previous next

5.

If these men had been Greeks, and if our habits and principles had not had more influence than indignation and hostility, they all would have said that they had been plundered, and harassed, and stripped of their fortunes. When a Greek witness comes forward with a desire to injure a man, he does not think of the words of his oath, but of what he can say to injure him. He thinks it a most shameful thing to be defeated, to be detected, to allow his enemy's innocence to be proved. That is the contest for which he prepares himself; he cares for nothing beyond. Therefore, it is not the best men, nor the wisest, but the most impudent and talkative men who are selected as witnesses. [12] But you, even in private trials about the most trifling matters, carefully weigh the character of a witness; even if you know the person of the man, and his name and his tribe, still you think it right to inquire into his habits. And when a man of our citizens gives his evidence, how carefully does he restrain himself, how scrupulously does he regulate all his expressions, how fearful is he, and anxious not to say anything covetously or angrily,— not to say one word more or less than necessary! Do you think that those Greeks are so too? men to whom an oath is a joke, evidence a plaything, your opinion of them a shadow, men who place all their credit and profit and reputation, and triumph telling the most impudent lies. But I will not spin out what I have got to say. Indeed, my speech would be interminable if I were to take it into my head to unfold the faithlessness of the whole nation in giving evidence. But I will come nearer home; I will speak of these witnesses whom you have brought forward. [13]

We have got a most zealous prosecutor, O judges, and an enemy in every respect violent and furious against us. I trust that he may be of great use to his friends and to the republic; but at all events, he has undertaken this case and this prosecution, as if he were impelled by some most extraordinary eagerness. What a company attended him while pursuing his investigations! company, do I say? rather, what an army! what profusion! what expense! what prodigality was there! And though these statements are of service to my case, still I do not make them without apprehension lest Laelius should think that I am seeking by my oration to make him talked about, or to excite odium against him, in a business which he has undertaken for the sole object of acquiring credit.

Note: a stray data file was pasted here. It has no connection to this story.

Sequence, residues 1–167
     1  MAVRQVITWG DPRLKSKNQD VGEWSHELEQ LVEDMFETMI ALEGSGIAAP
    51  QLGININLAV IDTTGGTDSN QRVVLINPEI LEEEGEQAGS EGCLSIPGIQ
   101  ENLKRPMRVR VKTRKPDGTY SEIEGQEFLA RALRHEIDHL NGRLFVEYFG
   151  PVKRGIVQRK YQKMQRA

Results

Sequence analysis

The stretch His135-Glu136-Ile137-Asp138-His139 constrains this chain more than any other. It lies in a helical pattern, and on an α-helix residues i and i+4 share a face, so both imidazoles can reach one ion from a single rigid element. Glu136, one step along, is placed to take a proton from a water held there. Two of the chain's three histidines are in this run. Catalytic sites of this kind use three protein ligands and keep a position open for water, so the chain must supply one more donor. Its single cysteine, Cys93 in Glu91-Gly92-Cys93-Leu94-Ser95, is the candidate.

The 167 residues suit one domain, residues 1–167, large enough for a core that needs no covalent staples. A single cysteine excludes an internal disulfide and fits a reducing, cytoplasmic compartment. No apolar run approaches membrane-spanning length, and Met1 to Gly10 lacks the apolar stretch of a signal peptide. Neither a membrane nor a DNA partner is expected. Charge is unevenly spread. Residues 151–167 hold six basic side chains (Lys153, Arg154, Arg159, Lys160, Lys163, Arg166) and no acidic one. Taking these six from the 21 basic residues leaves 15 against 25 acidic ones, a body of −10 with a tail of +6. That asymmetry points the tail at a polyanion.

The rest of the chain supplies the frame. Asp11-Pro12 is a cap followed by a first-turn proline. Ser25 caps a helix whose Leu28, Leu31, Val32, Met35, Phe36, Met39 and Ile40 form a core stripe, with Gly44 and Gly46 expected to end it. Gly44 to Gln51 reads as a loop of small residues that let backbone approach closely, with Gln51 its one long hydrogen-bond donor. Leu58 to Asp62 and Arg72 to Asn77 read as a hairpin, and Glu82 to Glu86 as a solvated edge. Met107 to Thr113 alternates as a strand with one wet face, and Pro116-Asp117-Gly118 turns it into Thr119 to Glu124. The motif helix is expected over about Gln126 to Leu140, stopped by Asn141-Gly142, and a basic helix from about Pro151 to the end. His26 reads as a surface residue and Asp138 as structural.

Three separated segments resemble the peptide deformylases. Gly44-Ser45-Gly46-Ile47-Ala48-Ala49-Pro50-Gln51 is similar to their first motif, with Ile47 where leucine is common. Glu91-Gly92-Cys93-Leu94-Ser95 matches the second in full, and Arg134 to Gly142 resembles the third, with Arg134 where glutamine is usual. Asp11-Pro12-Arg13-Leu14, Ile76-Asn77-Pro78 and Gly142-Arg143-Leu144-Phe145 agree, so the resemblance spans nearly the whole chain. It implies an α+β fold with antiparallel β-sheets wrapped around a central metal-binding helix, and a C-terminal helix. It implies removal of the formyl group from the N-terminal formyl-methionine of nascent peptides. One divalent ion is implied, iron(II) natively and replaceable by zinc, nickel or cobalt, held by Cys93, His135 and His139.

Creative Commons License
This work is licensed under a Creative Commons Attribution-ShareAlike 3.0 United States License.

An XML version of this text is available for download, with the additional restriction that you offer Perseus any modifications you make. Perseus provides credit for all accepted changes, storing new additions in a versioning system.

load focus Latin (Albert Clark, 1909)
hide Places (automatically extracted)

View a map of the most frequently mentioned places in this document.

Download Pleiades ancient places geospacial dataset for this text.

hide Display Preferences
Greek Display:
Arabic Display:
View by Default:
Browse Bar: